Wales politics

Council tax: Bid to stop prison threat over non-payment

Council tax demand Image copyright PA

Getting into council tax debt will not land you in prison, under plans being put forward by the Welsh Government.

It wants to abolish imprisonment as a punishment for non-payment of the tax.

At least 62 people were jailed in Wales and England in 2016-17 over the issue - nearly a third of them from Wales.

But in January, a legal challenge brought after a Bridgend woman was unlawfully jailed over council tax debts found potential errors in similar cases.

A consultation on abolishing jail terms over the civil debt is being launched.

"My view is that getting into debt is not a crime," said Finance Secretary Mark Drakeford.

"The sanction of imprisonment is an outdated and disproportionate response to a civil debt issue.

"There is significant additional cost to the public purse of imprisoning individuals and such action does nothing to address the reasons for the debt owed to the local authority or to reduce the debt. In many cases, it makes the situation worse."

The Welsh Government wants to amend enforcement regulations that can currently lead people to being hauled before the courts.

Image caption Melanie Woolcock called for changes last year after successfully fighting her case

Melanie Woolcock from Porthcawl said it was "wrong" people could be jailed because they could not afford to pay a bill.

She served 40 days in prison after being sentenced to 81 days by Bridgend magistrates in July 2016 for failing to pay £10 a week towards her debt.

While fighting her legal case, she claimed she was too sick to work and struggled to pay rent and feed herself and her teenage son, so had defaulted on council tax repayments.

At the time, Bridgend council said while authorities had a legal responsibility to collect unpaid council tax, they also offered support to anyone experiencing difficulty and prosecution was a last resort.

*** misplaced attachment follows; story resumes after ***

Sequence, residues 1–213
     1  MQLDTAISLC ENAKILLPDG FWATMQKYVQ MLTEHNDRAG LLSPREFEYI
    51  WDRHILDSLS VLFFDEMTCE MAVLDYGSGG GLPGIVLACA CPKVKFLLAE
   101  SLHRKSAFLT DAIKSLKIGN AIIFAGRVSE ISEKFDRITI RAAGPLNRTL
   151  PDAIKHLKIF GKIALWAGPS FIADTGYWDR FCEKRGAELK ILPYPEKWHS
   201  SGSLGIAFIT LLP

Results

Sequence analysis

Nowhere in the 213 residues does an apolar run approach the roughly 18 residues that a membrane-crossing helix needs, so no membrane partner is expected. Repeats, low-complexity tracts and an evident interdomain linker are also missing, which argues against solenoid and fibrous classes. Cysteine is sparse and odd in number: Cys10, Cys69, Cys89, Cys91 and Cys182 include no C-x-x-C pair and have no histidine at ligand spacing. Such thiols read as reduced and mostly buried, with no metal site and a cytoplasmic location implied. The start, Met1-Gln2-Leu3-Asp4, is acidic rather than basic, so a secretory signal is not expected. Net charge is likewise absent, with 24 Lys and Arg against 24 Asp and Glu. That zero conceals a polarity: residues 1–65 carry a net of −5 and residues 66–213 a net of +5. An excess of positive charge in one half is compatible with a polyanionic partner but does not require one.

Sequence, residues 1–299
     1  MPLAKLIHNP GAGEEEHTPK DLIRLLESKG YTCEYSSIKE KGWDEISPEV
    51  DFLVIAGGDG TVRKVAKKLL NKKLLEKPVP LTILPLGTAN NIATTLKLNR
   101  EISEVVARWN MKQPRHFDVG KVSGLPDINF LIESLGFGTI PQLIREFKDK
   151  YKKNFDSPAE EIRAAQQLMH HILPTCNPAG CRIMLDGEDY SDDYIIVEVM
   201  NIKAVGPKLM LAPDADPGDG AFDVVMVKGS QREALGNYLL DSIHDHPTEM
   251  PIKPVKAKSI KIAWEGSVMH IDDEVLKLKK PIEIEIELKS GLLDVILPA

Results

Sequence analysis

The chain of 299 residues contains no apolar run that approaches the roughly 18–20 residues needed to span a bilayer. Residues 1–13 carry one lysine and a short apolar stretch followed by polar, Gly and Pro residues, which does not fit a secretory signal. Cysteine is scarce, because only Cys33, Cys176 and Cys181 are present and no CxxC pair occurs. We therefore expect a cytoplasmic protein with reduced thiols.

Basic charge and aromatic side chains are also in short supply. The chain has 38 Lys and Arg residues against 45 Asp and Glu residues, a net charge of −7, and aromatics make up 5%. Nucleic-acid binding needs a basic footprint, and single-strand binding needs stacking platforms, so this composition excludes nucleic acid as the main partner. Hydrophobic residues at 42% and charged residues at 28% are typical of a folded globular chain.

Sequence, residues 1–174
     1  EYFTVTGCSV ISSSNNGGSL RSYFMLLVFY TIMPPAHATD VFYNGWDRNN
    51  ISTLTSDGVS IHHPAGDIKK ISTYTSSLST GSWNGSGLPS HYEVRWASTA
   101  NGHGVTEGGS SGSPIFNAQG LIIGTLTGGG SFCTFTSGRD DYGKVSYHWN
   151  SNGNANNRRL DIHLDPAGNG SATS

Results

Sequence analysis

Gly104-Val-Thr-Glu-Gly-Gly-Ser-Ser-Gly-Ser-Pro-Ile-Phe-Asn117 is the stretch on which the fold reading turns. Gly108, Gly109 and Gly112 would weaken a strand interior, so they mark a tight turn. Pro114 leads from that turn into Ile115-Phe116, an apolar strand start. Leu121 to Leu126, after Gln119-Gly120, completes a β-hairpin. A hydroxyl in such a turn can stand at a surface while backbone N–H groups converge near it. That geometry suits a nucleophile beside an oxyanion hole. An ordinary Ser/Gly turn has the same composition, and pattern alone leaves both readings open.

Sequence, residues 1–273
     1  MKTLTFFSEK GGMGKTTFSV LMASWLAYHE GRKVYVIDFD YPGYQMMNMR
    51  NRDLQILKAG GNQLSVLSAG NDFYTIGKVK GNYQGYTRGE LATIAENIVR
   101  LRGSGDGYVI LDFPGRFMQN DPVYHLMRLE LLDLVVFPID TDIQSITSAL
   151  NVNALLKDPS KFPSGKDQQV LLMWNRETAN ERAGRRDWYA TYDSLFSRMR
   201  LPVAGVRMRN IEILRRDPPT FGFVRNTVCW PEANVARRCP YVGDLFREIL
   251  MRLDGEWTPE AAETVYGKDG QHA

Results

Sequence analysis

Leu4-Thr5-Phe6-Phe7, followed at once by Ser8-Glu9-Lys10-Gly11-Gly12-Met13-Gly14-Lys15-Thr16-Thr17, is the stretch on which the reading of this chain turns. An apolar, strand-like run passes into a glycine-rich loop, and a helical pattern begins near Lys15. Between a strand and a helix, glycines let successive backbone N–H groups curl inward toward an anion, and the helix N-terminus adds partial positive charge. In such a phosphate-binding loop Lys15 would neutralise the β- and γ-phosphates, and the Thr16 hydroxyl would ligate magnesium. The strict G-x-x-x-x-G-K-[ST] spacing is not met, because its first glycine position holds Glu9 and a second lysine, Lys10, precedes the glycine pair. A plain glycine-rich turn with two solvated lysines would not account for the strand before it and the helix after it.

But Ms Woolcock said jailing people was not the answer as it left them with a criminal record and struggling to find a job.

She said she was recently diagnosed with post traumatic stress disorder (PTSD) which she said was a result of this experience.

"It's a punishment so why should you be punished for being poor?" she said.

"When you go into that environment with criminals and you're sitting there thinking 'I have never done anything wrong in my life except being on a low income'.

"You're sat there with criminals, you can't believe... murderers, arsonists... and you think I'm sat here because I'm poor."

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Media captionMark Drakeford says jail is an "old-fashioned" and "Dickensian" way of treating people in debt

In Scotland and Northern Ireland you cannot be jailed over non-payment.

Adrian Curtis, from the charity Community Money Advice, said councils took action "quite promptly" with bailiffs and then court action.

"For people who are really struggling with debt, people who are maybe having mental health issues or other issues that are leading them into debt, that can be a really traumatic experience," he said.

"Not only does it traumatise the individual and the family but very often the local authority doesn't recover the debt anyway so it's a really bad use of public money."

Mr Drakeford added: "The Welsh Government cannot take action in respect of the operation of the courts, as responsibility for this is not devolved.

"But we do have powers to amend the existing enforcement regime to remove the power to commit people to prison in Wales for non-payment of council tax.

"There are other, more appropriate enforcement actions which local authorities can use to seek payment of civil debts."

The Welsh Government, in partnership with local authorities, runs a Council Tax Reduction Scheme (CTRS) and figures from 2016-17 show it helped 291,891 households, providing £253m in financial support.

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